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Greetings from Wyler Antiques,

Continuing our theme of Chinese Porcelain, we will now talk about Antique Chinese Export, Armorial, and Imari Porcelain. Examples, like our other announcements, will be from our inventory.  

Porcelain has been around for many centuries with England and Europe being the main producers. By the 17th century though, manufacturers had discovered that Chinese porcelain was better than other types. It was whiter, harder, and easier to decorate. Thus, China became the epicenter of fine porcelain. Emissaries from North America and Europe were sent to China to discuss the colors, designs, and themes which these countries wanted. When these wares were produced and then sent overseas, the term Chinese Export Porcelain came into existence.

Chinese Export Porcelain dates from the 18th century and has 3 categories with Famille Rose being the most popular. A wonderful example of Famille Rose is our lovely 18th-century teapot stand. With its wonderful design, workmanship, and vibrant colors, this is an elegant piece. Pink overglaze is prevalent in Famille Rose and its color always ranges from a pale pink to a deep ruby color.
Other examples include our exquisite Bowl with a pleasing design, an Antique Chinese Lamp that shows how one can use an older piece in a new way (this was originally a vase), and a pair of wonderful Plates decorated with insects and flowers.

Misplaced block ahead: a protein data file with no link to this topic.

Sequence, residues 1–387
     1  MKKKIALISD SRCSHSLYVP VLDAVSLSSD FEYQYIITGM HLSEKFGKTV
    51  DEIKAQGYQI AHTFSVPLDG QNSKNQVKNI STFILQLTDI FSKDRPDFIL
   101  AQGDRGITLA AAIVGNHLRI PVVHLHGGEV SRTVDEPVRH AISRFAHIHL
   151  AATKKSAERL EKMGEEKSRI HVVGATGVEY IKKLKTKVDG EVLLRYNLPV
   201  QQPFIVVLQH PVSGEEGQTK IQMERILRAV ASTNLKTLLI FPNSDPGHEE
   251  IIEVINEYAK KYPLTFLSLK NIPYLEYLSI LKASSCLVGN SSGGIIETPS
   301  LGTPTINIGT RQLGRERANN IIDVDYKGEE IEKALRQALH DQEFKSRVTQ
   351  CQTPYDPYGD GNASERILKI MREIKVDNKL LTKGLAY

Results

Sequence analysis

Chinese Armorial Porcelain is most often decorated with coats of arms and crests of noble families. This included Europe's upper class and royalty. Eventually, it was made for the well-to-do in North America. The use of initials was used for non-titled members of a noble family, merchants, and ship captains. Quite often the decoration depicted fashion trends as well as showing one's social standing. Our 18th-century Sauce Boat is decorated with pink, gilt, and initials and is a very good example of Armorial Porcelain.
Imari Porcelain originated in Japan. The word Imari refers to the pattern and colors. Both the Japanese and Chinese used reds and gilt as an underglaze on blue and white porcelain but each country had its own designs. Reds and strokes became bolder and more important with the Chinese designs as did brighter whites and blues became more purple-toned. Our examples are both an Antique Chinese Imari Plate having an intricate and pleasing design as well as our vibrant and useful Antique Chinese Imari Barber's Bowl.
We hope that you have enjoyed our brief discussion on antique Chinese Export Porcelain. If you would like to know more information about this subject or its examples, please visit the Chinese Porcelain page of our website. There, you will see the various pieces we have discussed as well as others. If you would like to learn anything more, please feel free to e-mail or call us at (914) 861-2429. We look forward to hearing from you.

Kindest regards
David M. Wyler
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